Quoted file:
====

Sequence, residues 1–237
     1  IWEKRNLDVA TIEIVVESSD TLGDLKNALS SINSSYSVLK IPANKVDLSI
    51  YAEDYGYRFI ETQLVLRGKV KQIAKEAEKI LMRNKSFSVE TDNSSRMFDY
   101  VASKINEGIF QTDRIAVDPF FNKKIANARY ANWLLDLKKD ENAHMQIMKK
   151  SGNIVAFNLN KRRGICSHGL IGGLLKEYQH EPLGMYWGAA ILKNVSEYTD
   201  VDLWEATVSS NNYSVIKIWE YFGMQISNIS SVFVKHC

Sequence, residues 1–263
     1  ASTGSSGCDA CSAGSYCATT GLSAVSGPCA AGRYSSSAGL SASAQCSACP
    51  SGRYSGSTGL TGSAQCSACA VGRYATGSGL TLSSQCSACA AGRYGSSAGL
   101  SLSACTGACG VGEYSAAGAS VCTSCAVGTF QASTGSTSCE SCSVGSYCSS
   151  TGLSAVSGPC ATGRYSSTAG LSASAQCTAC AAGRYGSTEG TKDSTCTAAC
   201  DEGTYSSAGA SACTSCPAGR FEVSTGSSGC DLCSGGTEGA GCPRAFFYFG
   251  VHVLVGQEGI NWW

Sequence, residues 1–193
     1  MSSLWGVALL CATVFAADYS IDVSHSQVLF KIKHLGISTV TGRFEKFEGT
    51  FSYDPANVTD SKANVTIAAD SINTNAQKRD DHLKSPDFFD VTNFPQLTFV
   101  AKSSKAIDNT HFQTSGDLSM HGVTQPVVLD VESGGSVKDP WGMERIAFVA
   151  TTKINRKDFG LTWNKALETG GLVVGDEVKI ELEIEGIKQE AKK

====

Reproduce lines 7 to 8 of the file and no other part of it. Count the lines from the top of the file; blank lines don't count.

Sequence, residues 1–263
     1  ASTGSSGCDA CSAGSYCATT GLSAVSGPCA AGRYSSSAGL SASAQCSACP